Traffic light

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This diagram shows a traditional traffic signal in the U.S. Picture 1: A red light means stop.
Picture 2: A green light means go.
Picture 3: A yellow light means slow down or stop.
A traditional traffic signal in the United Kingdom. 1: Red means stop. 2: Light is about to switch to green. 3: Green means go. 4: Light is about to switch to red; stop if possible.

Traffic signals are instruments that use changing lights to control traffic. The different lights tell drivers what to do.

Light cycles[change | change source]

Traffic signals change their colored lights in the same order every time. In the United Kingdom and the United States, most traffic signals change in this order:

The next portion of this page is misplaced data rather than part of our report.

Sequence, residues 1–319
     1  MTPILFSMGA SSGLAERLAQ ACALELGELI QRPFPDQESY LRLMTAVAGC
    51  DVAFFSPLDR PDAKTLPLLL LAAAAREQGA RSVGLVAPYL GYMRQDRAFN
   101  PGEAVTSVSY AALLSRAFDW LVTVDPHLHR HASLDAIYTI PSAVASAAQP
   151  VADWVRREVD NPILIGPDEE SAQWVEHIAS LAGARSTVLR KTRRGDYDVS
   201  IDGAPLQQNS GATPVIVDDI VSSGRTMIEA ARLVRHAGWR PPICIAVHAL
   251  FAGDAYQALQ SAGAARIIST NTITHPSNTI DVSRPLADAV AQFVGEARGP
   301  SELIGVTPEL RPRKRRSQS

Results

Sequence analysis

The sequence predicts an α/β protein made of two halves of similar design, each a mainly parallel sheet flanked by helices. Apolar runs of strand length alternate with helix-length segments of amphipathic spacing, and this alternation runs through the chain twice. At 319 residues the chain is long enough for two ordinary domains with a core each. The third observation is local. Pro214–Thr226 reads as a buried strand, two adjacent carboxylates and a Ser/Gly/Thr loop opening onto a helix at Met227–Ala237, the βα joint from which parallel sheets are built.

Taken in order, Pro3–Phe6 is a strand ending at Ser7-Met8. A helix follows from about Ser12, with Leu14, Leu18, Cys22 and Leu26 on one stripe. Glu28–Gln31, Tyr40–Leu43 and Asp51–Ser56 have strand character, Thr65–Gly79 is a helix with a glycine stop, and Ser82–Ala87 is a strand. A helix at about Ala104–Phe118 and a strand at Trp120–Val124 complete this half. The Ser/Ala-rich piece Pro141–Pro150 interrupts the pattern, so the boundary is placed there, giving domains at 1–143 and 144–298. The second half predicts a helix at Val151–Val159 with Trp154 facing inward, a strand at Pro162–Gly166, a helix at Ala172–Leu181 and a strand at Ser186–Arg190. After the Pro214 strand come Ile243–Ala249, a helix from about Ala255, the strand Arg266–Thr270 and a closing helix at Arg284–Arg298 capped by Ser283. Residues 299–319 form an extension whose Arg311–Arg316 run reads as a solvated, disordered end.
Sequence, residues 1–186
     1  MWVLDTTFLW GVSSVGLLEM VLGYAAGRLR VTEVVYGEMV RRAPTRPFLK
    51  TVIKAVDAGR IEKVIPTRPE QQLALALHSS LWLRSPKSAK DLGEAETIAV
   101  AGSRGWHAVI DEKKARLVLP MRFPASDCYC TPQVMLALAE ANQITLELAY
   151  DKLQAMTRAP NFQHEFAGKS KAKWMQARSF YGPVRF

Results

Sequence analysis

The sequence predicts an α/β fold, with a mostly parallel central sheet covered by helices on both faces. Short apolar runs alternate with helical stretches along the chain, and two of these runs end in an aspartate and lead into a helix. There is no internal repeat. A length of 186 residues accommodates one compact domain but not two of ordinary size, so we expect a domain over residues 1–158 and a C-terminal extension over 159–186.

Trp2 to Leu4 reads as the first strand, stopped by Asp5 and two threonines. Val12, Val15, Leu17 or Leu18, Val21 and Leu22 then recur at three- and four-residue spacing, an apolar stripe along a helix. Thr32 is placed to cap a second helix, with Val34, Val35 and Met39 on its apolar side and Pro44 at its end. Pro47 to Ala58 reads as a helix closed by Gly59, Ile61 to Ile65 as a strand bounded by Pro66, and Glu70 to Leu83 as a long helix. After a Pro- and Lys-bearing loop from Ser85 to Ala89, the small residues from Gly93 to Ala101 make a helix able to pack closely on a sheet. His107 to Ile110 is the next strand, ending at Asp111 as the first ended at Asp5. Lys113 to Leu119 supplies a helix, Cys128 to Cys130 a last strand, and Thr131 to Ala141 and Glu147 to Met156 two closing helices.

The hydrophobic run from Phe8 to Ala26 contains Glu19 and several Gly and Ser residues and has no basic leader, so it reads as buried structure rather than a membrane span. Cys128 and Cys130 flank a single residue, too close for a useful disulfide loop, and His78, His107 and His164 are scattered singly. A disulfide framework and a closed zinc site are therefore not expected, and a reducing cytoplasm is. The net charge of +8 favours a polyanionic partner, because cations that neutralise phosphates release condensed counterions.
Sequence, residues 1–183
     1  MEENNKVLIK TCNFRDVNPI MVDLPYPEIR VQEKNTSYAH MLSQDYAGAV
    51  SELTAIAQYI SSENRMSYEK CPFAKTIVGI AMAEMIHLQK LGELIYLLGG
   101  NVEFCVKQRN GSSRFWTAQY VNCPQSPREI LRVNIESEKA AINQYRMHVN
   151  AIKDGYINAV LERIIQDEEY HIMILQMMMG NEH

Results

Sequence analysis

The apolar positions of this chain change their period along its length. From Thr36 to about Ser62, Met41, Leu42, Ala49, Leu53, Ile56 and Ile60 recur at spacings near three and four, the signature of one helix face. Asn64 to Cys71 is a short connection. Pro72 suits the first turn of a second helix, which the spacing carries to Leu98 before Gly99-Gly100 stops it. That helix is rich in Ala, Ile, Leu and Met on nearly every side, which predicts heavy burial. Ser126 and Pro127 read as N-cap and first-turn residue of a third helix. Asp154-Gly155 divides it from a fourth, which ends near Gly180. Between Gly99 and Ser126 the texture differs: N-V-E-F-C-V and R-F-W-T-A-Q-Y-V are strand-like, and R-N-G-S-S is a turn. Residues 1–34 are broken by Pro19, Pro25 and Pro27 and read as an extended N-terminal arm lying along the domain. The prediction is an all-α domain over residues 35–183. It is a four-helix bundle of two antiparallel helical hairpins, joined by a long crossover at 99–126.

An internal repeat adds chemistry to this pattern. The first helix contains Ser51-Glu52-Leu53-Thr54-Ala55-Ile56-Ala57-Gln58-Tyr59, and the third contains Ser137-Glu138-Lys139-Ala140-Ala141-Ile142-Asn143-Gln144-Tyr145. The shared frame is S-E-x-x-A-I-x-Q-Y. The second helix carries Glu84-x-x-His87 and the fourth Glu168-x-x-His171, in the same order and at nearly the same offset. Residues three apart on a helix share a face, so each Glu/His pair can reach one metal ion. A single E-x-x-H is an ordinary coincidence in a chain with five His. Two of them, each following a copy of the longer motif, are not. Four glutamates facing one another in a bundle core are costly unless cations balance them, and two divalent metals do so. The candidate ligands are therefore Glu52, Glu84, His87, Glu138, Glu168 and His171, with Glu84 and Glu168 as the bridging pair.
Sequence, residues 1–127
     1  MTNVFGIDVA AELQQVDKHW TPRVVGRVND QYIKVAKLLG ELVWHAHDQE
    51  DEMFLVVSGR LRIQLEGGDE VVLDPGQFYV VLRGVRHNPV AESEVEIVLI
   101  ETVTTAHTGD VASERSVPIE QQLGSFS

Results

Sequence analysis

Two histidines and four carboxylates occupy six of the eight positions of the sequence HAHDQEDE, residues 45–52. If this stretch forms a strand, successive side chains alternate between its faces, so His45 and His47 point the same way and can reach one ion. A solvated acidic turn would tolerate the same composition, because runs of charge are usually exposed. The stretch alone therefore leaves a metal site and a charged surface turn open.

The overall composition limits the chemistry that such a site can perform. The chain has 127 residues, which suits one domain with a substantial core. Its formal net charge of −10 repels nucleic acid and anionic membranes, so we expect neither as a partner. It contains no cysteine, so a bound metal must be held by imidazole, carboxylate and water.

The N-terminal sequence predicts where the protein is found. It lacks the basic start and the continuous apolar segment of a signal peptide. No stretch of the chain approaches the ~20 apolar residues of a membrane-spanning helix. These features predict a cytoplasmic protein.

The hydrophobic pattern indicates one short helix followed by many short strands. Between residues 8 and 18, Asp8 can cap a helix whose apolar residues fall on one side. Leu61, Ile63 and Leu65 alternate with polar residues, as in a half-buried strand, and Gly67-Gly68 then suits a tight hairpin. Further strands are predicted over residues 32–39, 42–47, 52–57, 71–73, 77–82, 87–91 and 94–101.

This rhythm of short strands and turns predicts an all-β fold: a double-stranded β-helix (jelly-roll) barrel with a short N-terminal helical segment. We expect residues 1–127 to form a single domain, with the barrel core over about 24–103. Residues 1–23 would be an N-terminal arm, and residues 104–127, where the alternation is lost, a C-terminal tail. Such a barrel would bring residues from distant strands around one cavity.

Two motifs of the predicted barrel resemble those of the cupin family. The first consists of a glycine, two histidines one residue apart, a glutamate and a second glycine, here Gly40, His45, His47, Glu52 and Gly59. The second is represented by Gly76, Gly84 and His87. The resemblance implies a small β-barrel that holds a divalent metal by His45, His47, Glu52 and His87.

1. Red light on: This tells drivers to stop.
  2. Red and amber/yellow lights both on: In the United Kingdom, this signals that the light is about to turn green. In some parts of the United States, it signals that pedestrians can cross the road. In other parts of the United States, traffic signals do not use the red and yellow lights together, and traffic lights go straight from red to green.
  3. Green light on: This means "go."
  4. Amber/yellow light on: This tells drivers to stop if they can safely, because the light is about to turn red.

History[change | change source]

Garrett A. Morgan, an African-American inventor, invented one of the first traffic lights. He was one of the first people to get a patent for a traffic light.

William Potts, a police officer, invented the first traffic light with three colors.